by Ray Fleming
ALTHOUGH the fall of the Soviet Union in 1989 was almost universally welcomed as the end of a dangerous era in international relations it was always inevitable that there would be negative consequences from so profound a change. We are seeing one of these today in the war that has so suddenly erupted between Georgia and Russia in South Ossetia. As the Soviet Union collapsed Georgia detached itself and declared its independence; however South Ossetia, a province of Georgia, also took the opportunity to snatch independence and since the early 1990s has existed as an internationally unrecognised autonomous country with strong economic links to Russia.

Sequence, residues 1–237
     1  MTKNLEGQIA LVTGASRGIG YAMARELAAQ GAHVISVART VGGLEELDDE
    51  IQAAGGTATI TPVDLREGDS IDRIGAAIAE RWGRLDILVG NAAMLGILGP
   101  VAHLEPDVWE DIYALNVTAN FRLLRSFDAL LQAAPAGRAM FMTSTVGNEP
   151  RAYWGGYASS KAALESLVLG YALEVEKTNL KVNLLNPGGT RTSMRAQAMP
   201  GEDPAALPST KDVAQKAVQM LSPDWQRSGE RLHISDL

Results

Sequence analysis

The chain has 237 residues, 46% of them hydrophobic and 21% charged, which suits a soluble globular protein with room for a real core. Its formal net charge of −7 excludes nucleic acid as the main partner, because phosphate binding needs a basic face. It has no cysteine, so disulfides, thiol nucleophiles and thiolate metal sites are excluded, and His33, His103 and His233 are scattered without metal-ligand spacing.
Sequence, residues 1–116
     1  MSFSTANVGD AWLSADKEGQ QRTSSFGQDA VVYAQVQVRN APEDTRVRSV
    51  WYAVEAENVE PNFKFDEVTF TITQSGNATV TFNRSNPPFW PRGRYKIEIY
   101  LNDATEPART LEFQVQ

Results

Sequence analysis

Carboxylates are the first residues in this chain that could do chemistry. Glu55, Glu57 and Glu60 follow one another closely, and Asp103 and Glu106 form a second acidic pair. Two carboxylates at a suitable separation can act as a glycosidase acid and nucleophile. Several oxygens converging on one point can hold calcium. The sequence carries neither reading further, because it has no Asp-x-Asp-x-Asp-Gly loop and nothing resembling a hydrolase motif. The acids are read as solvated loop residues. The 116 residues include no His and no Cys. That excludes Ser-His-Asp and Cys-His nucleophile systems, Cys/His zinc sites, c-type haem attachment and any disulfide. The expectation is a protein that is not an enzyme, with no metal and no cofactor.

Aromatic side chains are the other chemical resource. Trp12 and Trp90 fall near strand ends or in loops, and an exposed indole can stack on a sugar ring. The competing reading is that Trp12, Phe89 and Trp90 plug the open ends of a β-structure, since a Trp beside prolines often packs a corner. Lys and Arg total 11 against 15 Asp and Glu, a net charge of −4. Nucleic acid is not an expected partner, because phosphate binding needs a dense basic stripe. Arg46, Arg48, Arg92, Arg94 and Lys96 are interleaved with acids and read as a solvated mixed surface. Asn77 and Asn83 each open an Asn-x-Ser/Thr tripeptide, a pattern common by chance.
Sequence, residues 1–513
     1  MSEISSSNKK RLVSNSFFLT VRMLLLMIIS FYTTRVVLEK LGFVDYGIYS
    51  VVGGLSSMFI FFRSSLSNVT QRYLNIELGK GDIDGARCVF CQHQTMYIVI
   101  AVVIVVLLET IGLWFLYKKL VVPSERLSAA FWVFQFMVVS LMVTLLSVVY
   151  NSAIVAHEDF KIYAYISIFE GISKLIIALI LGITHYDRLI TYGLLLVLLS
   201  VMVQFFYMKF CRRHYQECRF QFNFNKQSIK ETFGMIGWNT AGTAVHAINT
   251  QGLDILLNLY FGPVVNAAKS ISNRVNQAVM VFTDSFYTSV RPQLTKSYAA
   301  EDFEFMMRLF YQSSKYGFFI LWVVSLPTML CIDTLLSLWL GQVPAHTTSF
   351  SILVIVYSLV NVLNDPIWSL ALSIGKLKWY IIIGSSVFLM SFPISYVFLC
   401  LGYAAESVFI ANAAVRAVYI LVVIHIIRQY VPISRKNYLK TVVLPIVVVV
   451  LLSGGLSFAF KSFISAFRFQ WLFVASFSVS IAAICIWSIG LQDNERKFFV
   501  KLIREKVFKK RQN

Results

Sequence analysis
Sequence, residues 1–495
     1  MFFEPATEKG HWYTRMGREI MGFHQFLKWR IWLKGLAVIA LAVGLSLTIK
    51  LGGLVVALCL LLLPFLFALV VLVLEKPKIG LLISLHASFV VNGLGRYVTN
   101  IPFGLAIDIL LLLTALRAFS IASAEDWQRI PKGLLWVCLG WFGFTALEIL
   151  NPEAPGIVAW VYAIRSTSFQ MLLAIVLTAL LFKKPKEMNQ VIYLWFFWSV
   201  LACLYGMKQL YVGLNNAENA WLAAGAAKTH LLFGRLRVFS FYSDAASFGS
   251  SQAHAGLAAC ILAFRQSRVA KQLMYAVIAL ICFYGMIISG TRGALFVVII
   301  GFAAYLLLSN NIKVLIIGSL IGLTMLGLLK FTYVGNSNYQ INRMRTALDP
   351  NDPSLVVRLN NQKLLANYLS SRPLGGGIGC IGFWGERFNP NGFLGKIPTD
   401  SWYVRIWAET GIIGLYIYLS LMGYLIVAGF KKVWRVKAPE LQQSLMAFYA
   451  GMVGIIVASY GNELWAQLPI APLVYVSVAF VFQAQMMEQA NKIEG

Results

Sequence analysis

Georgia has always wanted South Ossetia back and on Thursday launched, an attack on its capital city. This was an ill-judged, headstrong action by Georgia's strongly pro-Western President Saakashvili; he must have known a firm Russian response was likely, and so it has proved.

Frantic diplomatic moves to bring this totally unnecessary war to a close will not be helped by calls from President Bush for the Russians to stop their military response. Just as with his clumsy support for Kosovo, Mr Bush's attempts last year to get Nato membership for Georgia have proved counter-productive, convincing Vladimir Putin that the West wants to put a military ring round Russia's reduced borders. President Saakashvili has made a terrible mistake. Let us hope he was not encouraged by any promises from the West. His comparison yesterday of Georgia's situation with Czechoslavakia's in 1938 was ominous.


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